Work on more than £1bn-worth of projects has been halted following the liquidation of Carillion on Monday.
Construction News has collected information on nearly 20 high-profile projects that have been halted as the fallout from the collapse of the UK’s second biggest contractor continues.
Workers had still not returned to the Midland Metropolitan Hospital (pictured) on Tuesday, despite staff on Carillion’s other PPP problem hospital job – the Royal Liverpool Hospital – returning to work after being sent home on Monday.
A number of commercial developments on which Carillion was main contractor have been halted until the developers behind the schemes decide how to take the projects forward.
Work stopped on the £154m Angel Gardens scheme in Manchester with developers, Moda Living and Apache Capital, searching for a replacement contractor as soon as possible to ensure work restarts.
The £100m redevelopment of the former Vaux brewery in Sunderland has not seen workers for the past two days following the news of its collapse.
Other projects on which work has been stopped include a £75m student accommodation project Manchester University’s Fallowfield, and the £60m One Chamberlain Square scheme in Birmingham.
Latest on Carillion
Carillion’s demise has also affected local councils, with Lincolnshire County Council now having to find a replacement contractor for its £97m bypass.
The council’s director of highways Richard Willis said Carillion had completed 10 per cent of the works and that the retendering of the contract would delay the project.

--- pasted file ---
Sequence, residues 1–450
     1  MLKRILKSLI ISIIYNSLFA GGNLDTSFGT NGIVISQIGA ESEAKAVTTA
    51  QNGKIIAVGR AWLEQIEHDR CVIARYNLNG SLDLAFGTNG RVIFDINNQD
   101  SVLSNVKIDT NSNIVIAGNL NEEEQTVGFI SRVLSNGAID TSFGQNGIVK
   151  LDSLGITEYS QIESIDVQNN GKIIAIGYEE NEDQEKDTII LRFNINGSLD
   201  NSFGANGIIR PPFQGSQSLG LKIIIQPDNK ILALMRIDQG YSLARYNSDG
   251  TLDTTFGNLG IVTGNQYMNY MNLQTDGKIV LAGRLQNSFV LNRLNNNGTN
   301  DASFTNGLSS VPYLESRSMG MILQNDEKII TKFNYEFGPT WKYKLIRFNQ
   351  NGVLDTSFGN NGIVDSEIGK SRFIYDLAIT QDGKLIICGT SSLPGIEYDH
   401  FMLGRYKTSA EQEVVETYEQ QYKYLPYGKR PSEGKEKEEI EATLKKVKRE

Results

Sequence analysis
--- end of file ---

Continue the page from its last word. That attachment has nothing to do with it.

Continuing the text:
Leeds City Council also has to look elsewhere for a new contractor to build its £115m East Leeds Orbital Road.
The council chose Carillion at the start of this month for the scheme but said it would now have to review and restart the tendering process.
While work has stopped on a number of sites, other clients moved to reassure the markets that Carillion’s collapse would not be impacting their projects.
Work continues on the £800m Airport City project in Manchester, which is backed by investment from Manchester Airport Group and Beijing Construction Engineering Group.
Airport City director Lynda Shillaw said: “Current construction of the Airport City development is being undertaken by Beijing Construction Engineering Group International and is not affected by the issues at Carillion.”
The Royal Liverpool Trust confirmed that workers had returned to site and the project was now in the process of engaging a new contractor to complete the works.
Royal Liverpool and Broadgreen University Hospitals chief executive Aidan Kehoe said: “The hospital company who are contracted to deliver the project is empowered to terminate existing contracts and engage a new contractor to complete construction.
“They also have access to insurance funds to enable it to complete the project.”
Yesterday the government confirmed it provide funding to ensure public contracts were completed but would not bail out any private creditors.
Carillion’s biggest client, Network Rail, said work would continue on the failed contractor’s projects on an ongoing basis for the foreseeable future.
These projects include electrification work on the Midland Main Line, the North-west hub and the Shotts line between Edinburgh and Glasgow.
A Network Rail spokeswoman said: “Carillion’s work for Network Rail continues for the time being as Network Rail works with the official receiver and special manager to ensure the continuity of its project work.”